There are two reasons for the name:
- Lettuce is a green vegetable, just like cucumber the idea is that your tests must be always green.
- Letuce is the name of a brazillian band that I pretty much like
There are links to lettuce's official documentation at the end of this post, but there is a sneak peak:
Features are described in files with .feature extension and must be, by defaul within your project, in a folder called "features".
Features are described like this:
1 Feature: Introduce lettuce to my friends 2 In order to show it working 3 As lettuce author 4 I want to create a scenario that passes 5 6 Scenario: Concatenate names 7 Given I have the following names: 8 | name | surname | 9 | john | doe | 10 | ian | murdock | 11 When I join them 12 Then I see the data: 13 | joined | 14 | Doe, John | 15 | Murdock, Ian |
In order to define steps all you need to do is write a new python file wihin features folder, Lettuce will import them all, recursively.
1 # -*- coding: utf-8 -*- 2 from lettuce import step, world, before 3 from some_module import NameJoiner 4 5 # setup 6 @before.each_scenario 7 def set_joined(scenario): 8 world.joined =  9 10 # steps 11 @step('I have the following names') 12 def set_names(step): 13 world.people = step.hashes 14 15 @step('join them') 16 def join_names(step): 17 for person in world.people: 18 joiner = NameJoiner( 19 name=person["name"], 20 surname=person["surname"] 21 ) 22 world.joined.append(joiner.join()) 23 24 @step('I see the data') 25 def check_names(step): 26 for name, data in zip(world.joined, step.hashes): 27 assert name == data['joined']
(the full example is available here aqui)
Since I started with TDD in Python I had many experiences, I've tested many mock mock libraries and test techniques. In web projects I've used Pyccuracy, so that I could both describe behaviour of the application and make automated acceptance tests.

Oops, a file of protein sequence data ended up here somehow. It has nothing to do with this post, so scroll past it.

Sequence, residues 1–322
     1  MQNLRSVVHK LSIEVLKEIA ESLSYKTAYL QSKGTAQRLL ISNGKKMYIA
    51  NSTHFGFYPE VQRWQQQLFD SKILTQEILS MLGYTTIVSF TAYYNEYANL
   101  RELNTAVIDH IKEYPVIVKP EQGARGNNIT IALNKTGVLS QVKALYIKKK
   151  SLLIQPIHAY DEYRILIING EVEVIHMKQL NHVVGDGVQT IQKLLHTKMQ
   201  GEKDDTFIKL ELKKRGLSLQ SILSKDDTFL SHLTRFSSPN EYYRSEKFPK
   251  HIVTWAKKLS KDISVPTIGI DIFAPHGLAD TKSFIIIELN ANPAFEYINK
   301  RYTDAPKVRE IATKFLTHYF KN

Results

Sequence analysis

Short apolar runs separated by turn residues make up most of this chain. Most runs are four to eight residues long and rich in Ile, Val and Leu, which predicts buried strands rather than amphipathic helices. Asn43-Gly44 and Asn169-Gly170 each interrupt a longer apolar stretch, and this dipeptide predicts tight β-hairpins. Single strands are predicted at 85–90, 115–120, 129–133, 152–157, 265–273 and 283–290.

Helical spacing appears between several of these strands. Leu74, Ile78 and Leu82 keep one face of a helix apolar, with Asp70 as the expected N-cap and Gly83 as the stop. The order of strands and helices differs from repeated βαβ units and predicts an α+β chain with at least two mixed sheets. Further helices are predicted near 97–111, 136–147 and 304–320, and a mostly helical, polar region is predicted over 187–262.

Althrough, I had a chance to try Cucumber with Django here at globo.com, and the result was: I fell in love with it, and had incredibly productive features, such as step tables which allows drawing a ascii table and map it into a list of hashes, and the scenario outlines.
From there I had THE inspiration: to implement a tool that works exactly like Cucumber, but in python.
Python programmers it's easier and frictionless to use libraries written in Python. I personally avoid mixing programming languages in a single project, some technologies can suit perfectly in the project, no matter in what language, but if there is a Python option, I will give it a go.
Cucumber IMHO one lib to make ruby even more "sexy" :) Build a robust application, well tested required patience, what about turn it into fun ! ? It's easier to package python modules for debian/ubuntu.
Besides, even considering the fact that Cucumber already supports, would be more interesting to user pure python within step definitions. Supposing that a web application will be written with Django and Cucumber, would be very useful to manipulate models within step definitions. However turning it possible, would need efforts to run rubypython, which the latest release dates october 2009.
Examples of similar libraries between python and ruby
Micro web framework:
ruby: capistrano python: fabric
More on lettuce
Available at http://lettuce.it covers all supported features until now.
I'll appreciate all kinds of feedback, to do so we have some channels:
Lettuce is under GNU GPL 3+ and have a long way until get robust, and any kind of help is welcome: patches, documentation, language support and so on!
Grab it, and happy hacking :)